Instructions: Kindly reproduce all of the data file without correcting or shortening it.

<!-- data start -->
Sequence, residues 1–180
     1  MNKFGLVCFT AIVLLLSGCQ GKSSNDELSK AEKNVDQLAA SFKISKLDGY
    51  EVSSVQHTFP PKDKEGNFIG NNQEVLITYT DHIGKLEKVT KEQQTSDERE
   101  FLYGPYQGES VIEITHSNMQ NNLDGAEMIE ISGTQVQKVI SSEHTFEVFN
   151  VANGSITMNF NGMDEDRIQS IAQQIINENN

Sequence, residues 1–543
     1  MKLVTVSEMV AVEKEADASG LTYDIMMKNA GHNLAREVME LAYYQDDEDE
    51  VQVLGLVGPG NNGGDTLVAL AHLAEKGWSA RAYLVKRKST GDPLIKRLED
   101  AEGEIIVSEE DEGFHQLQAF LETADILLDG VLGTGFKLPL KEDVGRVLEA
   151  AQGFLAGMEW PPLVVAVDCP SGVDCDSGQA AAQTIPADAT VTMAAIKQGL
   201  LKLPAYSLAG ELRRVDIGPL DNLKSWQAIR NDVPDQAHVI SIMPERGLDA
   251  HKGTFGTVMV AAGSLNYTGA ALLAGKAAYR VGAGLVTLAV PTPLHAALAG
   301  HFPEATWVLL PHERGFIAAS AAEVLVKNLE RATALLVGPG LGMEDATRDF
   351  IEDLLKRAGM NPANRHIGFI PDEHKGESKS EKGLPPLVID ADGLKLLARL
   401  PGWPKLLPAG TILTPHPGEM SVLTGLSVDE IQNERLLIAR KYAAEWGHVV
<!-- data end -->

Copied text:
Sequence, residues 1–180
     1  MNKFGLVCFT AIVLLLSGCQ GKSSNDELSK AEKNVDQLAA SFKISKLDGY
    51  EVSSVQHTFP PKDKEGNFIG NNQEVLITYT DHIGKLEKVT KEQQTSDERE
   101  FLYGPYQGES VIEITHSNMQ NNLDGAEMIE ISGTQVQKVI SSEHTFEVFN
   151  VANGSITMNF NGMDEDRIQS IAQQIINENN

Sequence, residues 1–543
     1  MKLVTVSEMV AVEKEADASG LTYDIMMKNA GHNLAREVME LAYYQDDEDE
    51  VQVLGLVGPG NNGGDTLVAL AHLAEKGWSA RAYLVKRKST GDPLIKRLED
   101  AEGEIIVSEE DEGFHQLQAF LETADILLDG VLGTGFKLPL KEDVGRVLEA
   151  AQGFLAGMEW PPLVVAVDCP SGVDCDSGQA AAQTIPADAT VTMAAIKQGL
   201  LKLPAYSLAG ELRRVDIGPL DNLKSWQAIR NDVPDQAHVI SIMPERGLDA
   251  HKGTFGTVMV AAGSLNYTGA ALLAGKAAYR VGAGLVTLAV PTPLHAALAG
   301  HFPEATWVLL PHERGFIAAS AAEVLVKNLE RATALLVGPG LGMEDATRDF
   351  IEDLLKRAGM NPANRHIGFI PDEHKGESKS EKGLPPLVID ADGLKLLARL
   401  PGWPKLLPAG TILTPHPGEM SVLTGLSVDE IQNERLLIAR KYAAEWGHVV